Skip to main content

Indian industry's 40% mergers caste-based, create lower value than caste-distant deals

By Rajiv Shah
Suggesting that India’s business class is still not out of its feudal culture, a recent study on merger and acquisition (M&A) deals of top Indian business houses, carried out jointly by scholars of the Indian Institute of Management-Bangalore, and Pomona College, Claremont, California, United States, has found that the “observed percentage of same-varna mergers” is 40.11%, which is at least “twice as high as” (15.47% to 20.34%) as M&A carried out with firms that do not have the same varna.
Identifying varna to mean five different castes, Brahmins, Kshatriyas, Vaishyas, Shudras, and “lowest”, Dalits, the study reaches “analogous results” when M&A is measured in terms of jati or sub-castes. It says, “While the observed percentage of same-jati M&A deals is 22.53%, as for other M&A deals, these were “less than half of that, ranging from 5.6% to 7.67%.”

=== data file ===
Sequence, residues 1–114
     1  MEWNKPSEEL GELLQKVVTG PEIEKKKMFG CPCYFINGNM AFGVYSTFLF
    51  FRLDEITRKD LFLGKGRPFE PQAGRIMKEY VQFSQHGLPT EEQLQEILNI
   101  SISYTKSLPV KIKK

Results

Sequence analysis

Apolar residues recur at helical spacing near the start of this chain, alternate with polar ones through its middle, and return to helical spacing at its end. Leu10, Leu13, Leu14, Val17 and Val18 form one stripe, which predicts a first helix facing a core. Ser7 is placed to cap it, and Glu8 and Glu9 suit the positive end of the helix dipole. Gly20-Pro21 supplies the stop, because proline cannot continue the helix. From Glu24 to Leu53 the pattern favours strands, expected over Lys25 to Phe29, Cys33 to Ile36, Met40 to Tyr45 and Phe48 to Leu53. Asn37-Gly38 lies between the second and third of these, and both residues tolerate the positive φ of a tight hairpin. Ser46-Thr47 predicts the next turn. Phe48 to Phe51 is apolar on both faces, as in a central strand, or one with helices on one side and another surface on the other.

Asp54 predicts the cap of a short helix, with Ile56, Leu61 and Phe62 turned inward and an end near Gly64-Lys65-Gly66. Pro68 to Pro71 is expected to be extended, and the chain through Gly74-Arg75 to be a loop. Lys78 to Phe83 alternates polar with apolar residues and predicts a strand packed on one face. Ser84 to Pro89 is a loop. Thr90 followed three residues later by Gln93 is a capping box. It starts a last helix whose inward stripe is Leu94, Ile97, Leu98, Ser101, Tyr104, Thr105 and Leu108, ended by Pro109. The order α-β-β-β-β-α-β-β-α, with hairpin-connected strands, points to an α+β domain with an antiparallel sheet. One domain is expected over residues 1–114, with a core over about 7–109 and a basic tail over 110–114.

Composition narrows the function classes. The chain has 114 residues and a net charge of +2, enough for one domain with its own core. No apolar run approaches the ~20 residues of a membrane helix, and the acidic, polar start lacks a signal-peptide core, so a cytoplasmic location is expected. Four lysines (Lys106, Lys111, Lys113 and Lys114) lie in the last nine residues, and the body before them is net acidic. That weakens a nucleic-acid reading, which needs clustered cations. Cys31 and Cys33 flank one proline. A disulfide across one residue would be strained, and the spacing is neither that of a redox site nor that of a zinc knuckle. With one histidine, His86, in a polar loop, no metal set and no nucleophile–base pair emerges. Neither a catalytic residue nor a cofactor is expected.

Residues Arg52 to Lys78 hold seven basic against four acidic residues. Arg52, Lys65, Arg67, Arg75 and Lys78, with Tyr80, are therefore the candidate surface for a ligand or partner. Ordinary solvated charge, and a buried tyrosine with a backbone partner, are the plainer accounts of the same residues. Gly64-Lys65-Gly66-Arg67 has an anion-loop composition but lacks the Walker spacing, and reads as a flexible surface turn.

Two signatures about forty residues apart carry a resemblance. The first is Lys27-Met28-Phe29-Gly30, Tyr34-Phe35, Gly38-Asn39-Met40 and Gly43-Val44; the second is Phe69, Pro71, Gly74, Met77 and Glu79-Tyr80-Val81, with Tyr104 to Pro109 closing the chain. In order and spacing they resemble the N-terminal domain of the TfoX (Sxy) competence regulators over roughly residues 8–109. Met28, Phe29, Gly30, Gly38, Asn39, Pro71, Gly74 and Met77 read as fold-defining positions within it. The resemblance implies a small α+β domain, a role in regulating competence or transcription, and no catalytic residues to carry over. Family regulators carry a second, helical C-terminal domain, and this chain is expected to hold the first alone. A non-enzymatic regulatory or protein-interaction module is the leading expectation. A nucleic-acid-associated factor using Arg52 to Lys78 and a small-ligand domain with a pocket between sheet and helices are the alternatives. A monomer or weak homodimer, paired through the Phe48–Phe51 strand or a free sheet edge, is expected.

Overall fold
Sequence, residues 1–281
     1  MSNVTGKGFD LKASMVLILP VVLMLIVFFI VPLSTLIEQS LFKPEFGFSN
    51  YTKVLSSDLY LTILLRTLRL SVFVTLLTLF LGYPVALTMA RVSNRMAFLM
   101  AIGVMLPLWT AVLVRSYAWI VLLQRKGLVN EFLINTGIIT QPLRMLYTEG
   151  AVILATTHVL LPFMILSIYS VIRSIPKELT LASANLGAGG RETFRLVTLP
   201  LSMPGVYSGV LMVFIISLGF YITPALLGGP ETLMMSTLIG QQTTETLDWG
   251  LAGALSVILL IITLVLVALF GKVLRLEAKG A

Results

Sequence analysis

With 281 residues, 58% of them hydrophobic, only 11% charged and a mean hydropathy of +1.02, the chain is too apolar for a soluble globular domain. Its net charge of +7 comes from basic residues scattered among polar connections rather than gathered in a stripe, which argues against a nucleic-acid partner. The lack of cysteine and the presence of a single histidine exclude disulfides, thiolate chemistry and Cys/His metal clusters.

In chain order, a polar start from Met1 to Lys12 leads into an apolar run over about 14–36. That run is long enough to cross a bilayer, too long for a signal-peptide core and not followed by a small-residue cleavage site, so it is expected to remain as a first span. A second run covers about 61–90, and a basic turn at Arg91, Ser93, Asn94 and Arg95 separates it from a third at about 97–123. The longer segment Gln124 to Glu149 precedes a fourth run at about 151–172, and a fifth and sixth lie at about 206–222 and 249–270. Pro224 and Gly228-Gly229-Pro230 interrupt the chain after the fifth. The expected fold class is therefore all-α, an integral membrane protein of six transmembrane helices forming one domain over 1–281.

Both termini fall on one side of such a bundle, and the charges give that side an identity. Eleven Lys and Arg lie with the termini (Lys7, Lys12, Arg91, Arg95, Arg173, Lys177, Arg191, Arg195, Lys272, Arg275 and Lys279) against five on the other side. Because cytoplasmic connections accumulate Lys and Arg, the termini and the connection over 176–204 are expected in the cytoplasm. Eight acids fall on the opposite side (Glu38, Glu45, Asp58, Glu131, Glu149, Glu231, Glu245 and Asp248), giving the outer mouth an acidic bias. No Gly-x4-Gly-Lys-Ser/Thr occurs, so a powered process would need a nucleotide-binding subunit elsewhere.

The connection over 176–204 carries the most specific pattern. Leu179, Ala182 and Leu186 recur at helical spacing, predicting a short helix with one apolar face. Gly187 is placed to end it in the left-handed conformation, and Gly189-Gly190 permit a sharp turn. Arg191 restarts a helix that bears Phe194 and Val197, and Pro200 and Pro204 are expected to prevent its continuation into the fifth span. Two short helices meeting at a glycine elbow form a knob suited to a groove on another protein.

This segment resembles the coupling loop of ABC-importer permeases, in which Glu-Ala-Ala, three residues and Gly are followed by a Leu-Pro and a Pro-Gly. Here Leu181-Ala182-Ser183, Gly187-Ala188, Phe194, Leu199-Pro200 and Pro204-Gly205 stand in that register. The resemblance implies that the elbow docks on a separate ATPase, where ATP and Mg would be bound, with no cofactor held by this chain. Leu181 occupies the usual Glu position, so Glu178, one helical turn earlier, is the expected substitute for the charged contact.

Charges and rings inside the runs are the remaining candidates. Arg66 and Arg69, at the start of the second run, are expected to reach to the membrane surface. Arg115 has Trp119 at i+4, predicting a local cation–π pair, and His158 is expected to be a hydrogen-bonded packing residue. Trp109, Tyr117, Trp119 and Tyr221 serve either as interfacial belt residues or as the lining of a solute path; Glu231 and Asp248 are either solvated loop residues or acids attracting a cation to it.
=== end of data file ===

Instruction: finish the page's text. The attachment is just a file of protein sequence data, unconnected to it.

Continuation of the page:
A varna-wise breakup suggests that 48.6% out of 284 M&A deals by Brahmins were with Brahmins, 12.3% were with Kshatriyas, 23.2% with Vaishyas, 15.8% with Shudras, and none with Dalits. Similarly, of the 130 deals carried out by Kshatriyas, 30.8% were with Kshatriyas, 28.5% with Brahmins, 19.2% with Vaishyas, 21.5% with Shudras, and none with Dalits.
As for the Vaishyas, 55.4% of the 187 M&A deals were carried out only with Vaishyas, 21.3% with Brahmins, 12.2% with Kshatriyas, 10.5% with Shudras, and just 0.7% with Dalits. As for 189 deals by Shudras, 45% were with Shudras, 23.8% with Brahmins, 14.8% with Kshatriyas, 15.9% with Vaishyas, and only 0.5% with Dalits. And, of the two deals by Dalits, one was with a Dalit, and another one was with a Brahmin.
Based on M&As data from Thomson One SDC and Prowess, which are repositories of database of large firms, the study, titled “Firms of a Feather Merge Together: Cultural Proximity and M&A Outcomes”, by Manaswini Bhalla, Manisha Goel, VSK Teja Konduri, and Michelle Zemel, believes that these differences are “highly statistically significant”.